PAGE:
Life throws us many curveballs, perhaps none as difficult as reconciling the existence of an all-good God with the reality of suffering and evil in the world.
I remember reading a news article about a terrorist group in the Middle East that was raiding Christian homes. They were raping and killing Christians who would not convert to Islam. A friend shared the article on social media and was begging everyone for prayers. In a moment of anger and pain at what was happening, I looked at the crucifix on my wall and shouted, “Do I really need to ask you to do something?”
There are a few ways of looking at the existence of suffering and evil in the world. Some people thank and praise God for all the good that happens, and curse Satan for all the bad. Others praise God for all the good in their lives, yet curse Him when things go wrong. Lastly, some believe that God is lovingly in control of everything that happens. They praise God for the good that happens and praise Him for the “apparent” evils that occur, trusting that He will work all things together for good for those who love Him (Rom 8:28).
Regretfully I slip into the second example far too often. Because I believe and know that God is all-powerful and all good, I get angry at Him when I hear of tragedies that occur that he has not prevented. I am constantly listening to people share their stories of broken relationships, sexual addiction, post-abortive grief, divorce, rape or sexual abuse. Sometimes I really struggle to praise God in the midst of these stories, and question where He was when this was happening. It is times like these, when I struggle to praise God, that God’s Word helps me enormously.
“Rejoice always, pray without ceasing, give thanks in all circumstances; for this is the will of God in Christ Jesus for you” (1 Thess 5:16-18).
“For my thoughts are not your thoughts, neither are your ways my ways, declares the Lord. As the heavens are higher than the earth, so are my ways higher than your ways and my thoughts than your thoughts” (Isaiah 55:8-9).
We are called to trust God in all circumstances, no matter what evil surrounds us. By praising God we are demonstrating our faith in Him who works all things for good. We don’t need to be able to understand why he allows certain things. We don’t even need to ever see the good He will bring out of a situation. All we need is faith in God’s ability to redeem every moment of suffering and bring about a greater good.
In the story of Job, we read that He is “blameless and upright, one who fears God and turns away from evil” (Job 1:1). Satan asks permission to afflict Job because he believed that if God took away the many blessings Job had received from God, he would “cure him to his face” (Job 1:11). Job suffers terribly, losing his livestock, home and even his wife and children. He never curses God throughout his time of trial though, and God blesses him with twice the wealth he had before he was tested. God allowed Satan to afflict him, only to deepen his trust and faith in God.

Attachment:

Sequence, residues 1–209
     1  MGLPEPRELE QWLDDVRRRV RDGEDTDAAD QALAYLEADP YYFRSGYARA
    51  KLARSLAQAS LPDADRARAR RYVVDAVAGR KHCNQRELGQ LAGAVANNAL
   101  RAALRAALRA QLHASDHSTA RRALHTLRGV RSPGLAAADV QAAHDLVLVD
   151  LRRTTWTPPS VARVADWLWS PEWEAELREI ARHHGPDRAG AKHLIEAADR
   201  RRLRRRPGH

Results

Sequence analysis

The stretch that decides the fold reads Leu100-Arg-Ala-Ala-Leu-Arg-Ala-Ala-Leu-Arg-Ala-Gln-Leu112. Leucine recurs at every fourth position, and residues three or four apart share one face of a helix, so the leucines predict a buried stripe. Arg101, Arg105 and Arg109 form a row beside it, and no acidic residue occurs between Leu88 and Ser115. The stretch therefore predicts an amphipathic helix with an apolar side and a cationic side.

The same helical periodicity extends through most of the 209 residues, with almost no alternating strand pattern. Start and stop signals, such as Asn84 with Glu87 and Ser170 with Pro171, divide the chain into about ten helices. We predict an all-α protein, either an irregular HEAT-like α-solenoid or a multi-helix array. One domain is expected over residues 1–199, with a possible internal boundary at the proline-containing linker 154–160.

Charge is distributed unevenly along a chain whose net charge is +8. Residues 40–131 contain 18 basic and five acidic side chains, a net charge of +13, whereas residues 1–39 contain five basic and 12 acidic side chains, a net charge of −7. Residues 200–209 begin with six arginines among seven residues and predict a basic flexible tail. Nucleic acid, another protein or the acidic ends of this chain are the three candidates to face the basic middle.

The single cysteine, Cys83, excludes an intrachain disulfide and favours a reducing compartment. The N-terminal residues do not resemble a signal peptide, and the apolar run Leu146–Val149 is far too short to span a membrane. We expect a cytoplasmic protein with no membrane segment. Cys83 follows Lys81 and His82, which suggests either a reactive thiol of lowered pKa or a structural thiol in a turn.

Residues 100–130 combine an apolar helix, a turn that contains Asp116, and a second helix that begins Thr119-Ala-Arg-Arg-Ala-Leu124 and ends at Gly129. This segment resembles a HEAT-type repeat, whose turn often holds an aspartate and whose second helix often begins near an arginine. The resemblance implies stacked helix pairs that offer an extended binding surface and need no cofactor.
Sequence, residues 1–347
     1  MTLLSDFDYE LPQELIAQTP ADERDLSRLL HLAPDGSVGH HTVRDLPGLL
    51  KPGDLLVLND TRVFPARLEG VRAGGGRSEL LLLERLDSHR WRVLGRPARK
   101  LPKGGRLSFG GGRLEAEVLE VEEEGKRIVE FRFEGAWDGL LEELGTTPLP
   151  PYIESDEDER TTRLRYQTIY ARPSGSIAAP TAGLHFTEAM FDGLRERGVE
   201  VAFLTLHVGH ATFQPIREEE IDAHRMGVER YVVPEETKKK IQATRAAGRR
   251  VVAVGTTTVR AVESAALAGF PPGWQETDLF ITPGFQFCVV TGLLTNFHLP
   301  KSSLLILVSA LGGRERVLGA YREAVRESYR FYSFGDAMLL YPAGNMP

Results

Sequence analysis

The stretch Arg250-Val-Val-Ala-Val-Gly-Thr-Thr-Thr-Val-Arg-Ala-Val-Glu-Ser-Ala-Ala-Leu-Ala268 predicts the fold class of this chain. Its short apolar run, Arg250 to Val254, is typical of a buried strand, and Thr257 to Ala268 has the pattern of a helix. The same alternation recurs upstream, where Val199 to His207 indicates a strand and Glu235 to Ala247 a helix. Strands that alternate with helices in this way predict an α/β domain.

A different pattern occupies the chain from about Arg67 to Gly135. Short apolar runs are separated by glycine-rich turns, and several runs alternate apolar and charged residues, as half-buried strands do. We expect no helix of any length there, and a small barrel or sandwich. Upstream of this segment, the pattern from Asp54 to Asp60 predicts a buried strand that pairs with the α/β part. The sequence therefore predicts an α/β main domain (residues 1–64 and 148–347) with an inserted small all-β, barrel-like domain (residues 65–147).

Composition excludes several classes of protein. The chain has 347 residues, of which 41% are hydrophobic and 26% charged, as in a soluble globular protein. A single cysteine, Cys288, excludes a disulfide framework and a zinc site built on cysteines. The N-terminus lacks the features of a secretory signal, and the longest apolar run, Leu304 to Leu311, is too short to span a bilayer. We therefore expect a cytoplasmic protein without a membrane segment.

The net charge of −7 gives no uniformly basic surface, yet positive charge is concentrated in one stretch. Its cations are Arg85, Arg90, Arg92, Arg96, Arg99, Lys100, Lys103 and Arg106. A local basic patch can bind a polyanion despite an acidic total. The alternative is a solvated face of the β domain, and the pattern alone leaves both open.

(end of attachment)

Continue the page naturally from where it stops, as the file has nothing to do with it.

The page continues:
What about Joseph, son of Jacob from Genesis? He is sold into slavery by his brothers and imprisoned for a crime he didn’t commit. But God raises him up to be the right-hand man of Pharoah and in charge of food distribution throughout the famine. From this position, he ends up saving the lives of so many in Egypt. Joseph himself says, “Don’t be angry with yourself that you did this to me (talking to his brothers who sold me into slavery), for God did this” (Gen 45:5). Joseph acknowledges that God permitted those evils to bring about a greater good.
What about St Paul, the greatest evangelist for Christ who ever lived? Surely he was spared suffering because of his great mission? On the contrary, St Paul suffered terribly for the sake of the Gospel. The Lord gave him a thorn in the flesh, a messenger of Satan to keep him from being too elated. Three times he asked the Lord to remove it, but God did not. (2 Cor 12:7-9).
Are we to believe that God abandoned Job, Joseph or St Paul? Far from it. God was ever-present in the midst of their sufferings and working through them powerfully. He never let them alone. The Lord always brings good in the end. Job was blessed with more than he had, Joseph saved his family and many others, and St Paul, well his sufferings are still bearing much fruit! God was working every tragedy, every suffering for their good, as part of his perfect plan of his love for them and others.
Praise God in the midst of suffering and evil, and we will overcome evil with good (Rom 12:21). Although I am an infant on this journey, I have experienced God moving in powerful ways since I began praising him in the midst of my sufferings rather than blaming him in anger. To praise God shows I accept His divine plan for my life, even when I don’t understand it and can see no logical explanation for it.
God is the director of the movie of life, and he will bring all things to a marvellous end.